TW: Well, to an extent that was already there. The idea of the competitive game of squash at lunchtime, for example. But what is new is this idea that there is a connection between physical health and mental health. There is a clear link between exercise and a reduction in the cortisol hormone, so it is a stress-reduction measure that is going to make you perform better in the workplace. Equally you can link exercise to the management of many other types of problems and so by promoting a healthier lifestyle, you create somebody who is fit for purpose, somebody who is fit for going to work and actually performing at an optimum level. In the City, this has created a fascinating shift from a culture that was about who can stay out the longest, and who can survive with less sleep and still make their targets, to a new idea: who can actually be the smartest in the way they live their lives, so they can outperform their colleagues.
TRE: If you had to give some advice for those thinking of optimising their performance what would it be?
TW: It’s about nutrition and diet, but also exercise. The culture of green juices and avocado shows that people are thinking that what you put inside your body can enhance your health. Though I don’t think that really cuts it completely. Nutrition has to go hand in hand with the exercise element. And for that, I would always say get on a bike or go for a run. Something like that is cardio-based and will produce all of the kinds of endorphins, hormones, and neurotransmitters that will probably put your mind in the best possible position to make more level-headed judgements.
TRE: Should people still join a gym?
TW: Gyms are good, and are changing. Some, like Equinox, are all about using technology and science – there you have treadmills that are pumping out pure oxygen, rather than just air, to increase your lactic threshold. But then there are places like The Ned – just opposite where we are today at The Royal Exchange – where they have a nice pool and equipment, but have also brought in elements like a boxing ring and sandbags, where fitness can be linked to more functional activity.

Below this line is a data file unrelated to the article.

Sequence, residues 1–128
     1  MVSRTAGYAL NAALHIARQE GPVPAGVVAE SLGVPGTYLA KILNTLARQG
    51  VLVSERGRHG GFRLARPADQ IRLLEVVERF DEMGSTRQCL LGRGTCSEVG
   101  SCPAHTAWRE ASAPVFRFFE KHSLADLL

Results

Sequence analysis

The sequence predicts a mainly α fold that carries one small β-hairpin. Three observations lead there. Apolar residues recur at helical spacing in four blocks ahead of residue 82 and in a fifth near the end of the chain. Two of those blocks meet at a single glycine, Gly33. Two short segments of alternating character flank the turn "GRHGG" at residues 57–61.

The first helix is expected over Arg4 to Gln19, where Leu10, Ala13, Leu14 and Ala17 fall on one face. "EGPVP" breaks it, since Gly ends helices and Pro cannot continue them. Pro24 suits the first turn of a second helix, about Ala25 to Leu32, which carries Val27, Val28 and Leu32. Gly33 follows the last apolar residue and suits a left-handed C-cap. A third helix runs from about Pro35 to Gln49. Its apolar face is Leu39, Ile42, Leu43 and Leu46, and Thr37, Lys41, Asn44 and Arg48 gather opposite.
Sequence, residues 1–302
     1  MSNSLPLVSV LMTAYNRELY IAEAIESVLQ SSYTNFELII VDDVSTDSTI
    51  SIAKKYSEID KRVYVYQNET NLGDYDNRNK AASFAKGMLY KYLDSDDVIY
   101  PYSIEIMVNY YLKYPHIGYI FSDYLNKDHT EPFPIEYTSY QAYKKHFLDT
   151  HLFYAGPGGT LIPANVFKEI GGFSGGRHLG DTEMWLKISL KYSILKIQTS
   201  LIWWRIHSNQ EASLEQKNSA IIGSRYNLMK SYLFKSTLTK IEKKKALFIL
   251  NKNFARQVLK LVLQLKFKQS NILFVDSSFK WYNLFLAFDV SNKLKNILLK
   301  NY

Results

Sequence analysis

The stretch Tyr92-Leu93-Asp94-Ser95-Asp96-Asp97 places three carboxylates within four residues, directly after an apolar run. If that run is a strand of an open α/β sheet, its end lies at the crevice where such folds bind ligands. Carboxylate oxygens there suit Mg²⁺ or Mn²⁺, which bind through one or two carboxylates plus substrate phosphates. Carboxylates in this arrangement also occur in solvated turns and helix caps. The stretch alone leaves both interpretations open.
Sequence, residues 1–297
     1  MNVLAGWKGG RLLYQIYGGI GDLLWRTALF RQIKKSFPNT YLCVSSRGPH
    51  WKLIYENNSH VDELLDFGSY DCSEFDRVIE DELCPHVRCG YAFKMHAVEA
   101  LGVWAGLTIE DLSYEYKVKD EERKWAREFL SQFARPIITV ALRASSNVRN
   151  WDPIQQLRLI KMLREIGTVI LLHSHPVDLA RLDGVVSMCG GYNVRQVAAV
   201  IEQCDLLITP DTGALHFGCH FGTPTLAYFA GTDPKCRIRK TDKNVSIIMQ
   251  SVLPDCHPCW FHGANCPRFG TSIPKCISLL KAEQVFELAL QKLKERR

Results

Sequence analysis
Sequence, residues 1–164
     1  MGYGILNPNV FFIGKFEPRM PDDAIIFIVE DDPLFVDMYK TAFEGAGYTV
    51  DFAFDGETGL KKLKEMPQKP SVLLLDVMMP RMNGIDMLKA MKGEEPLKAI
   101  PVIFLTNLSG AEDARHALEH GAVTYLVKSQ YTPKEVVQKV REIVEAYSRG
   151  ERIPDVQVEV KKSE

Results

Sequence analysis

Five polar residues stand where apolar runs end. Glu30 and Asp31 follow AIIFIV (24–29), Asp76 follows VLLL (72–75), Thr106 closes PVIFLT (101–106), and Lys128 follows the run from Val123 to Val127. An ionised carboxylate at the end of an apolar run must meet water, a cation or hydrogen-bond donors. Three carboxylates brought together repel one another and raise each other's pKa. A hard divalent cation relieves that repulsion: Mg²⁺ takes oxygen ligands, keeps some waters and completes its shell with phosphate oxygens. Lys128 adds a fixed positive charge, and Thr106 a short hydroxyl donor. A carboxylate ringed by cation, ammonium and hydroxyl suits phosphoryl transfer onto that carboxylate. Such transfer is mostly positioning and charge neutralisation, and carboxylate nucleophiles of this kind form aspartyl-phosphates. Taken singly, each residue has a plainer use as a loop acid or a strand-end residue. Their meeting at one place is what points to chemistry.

TRE: And is the new idea of performance fitness a cross-generational thing, or just for younger people?
TW: What we tend to notice with Men’s Health magazine is that you have two broadly different kinds of readers, and I think these are typical of what you will find in the City too. There are the under-35s, who is far more interested in performance exercise, racking up high scores (miles run or cycled, or repetitions of exercises) through physical exercise. And then there are the over-35s who are more interested in looking at long-term health: things like heart health and weight loss, and using nutrition as a means to do that. What’s interesting is that while of course there will be a 22-year-old guy who wants to be Ryan Gosling in Drive, we’ve now also got an over-50 Alan Sugar type who realises that his body is not cashing the cheques that it did 20 years ago, but rather than giving up the goal and retiring to the suburbs, he is getting back in shape to compete with the younger version of himself.
TRE: What do you see the future looking like?
TW: More emphasis on performance. Scientists are now looking at the human genome and at cheaper and more rapid sequencing of DNA, which has paved the way for new trends in wellness for biohacking, where we are aiming at optimisation of behaviour. It’s being driven by the tech generation, and this new bio-hacking trend aims to create an upgrade to a human being through the marriage between our current understanding of genetics, and tailored approaches to improve mental performance. It really is a new frontier.
Toby Wiseman is editor-in-chief of Men’s Health magazine, the UK’s biggest selling publication for men. He is also the Style Counsel columnist for The Sunday Times. In 2014, he won the BSME Editor of the Year award for men’s magazines
Conversations in the Courtyard is a monthly series that brings together today’s leading minds to discuss current topics, exchange points of view and explore new ideas at The Royal Exchange in the City of London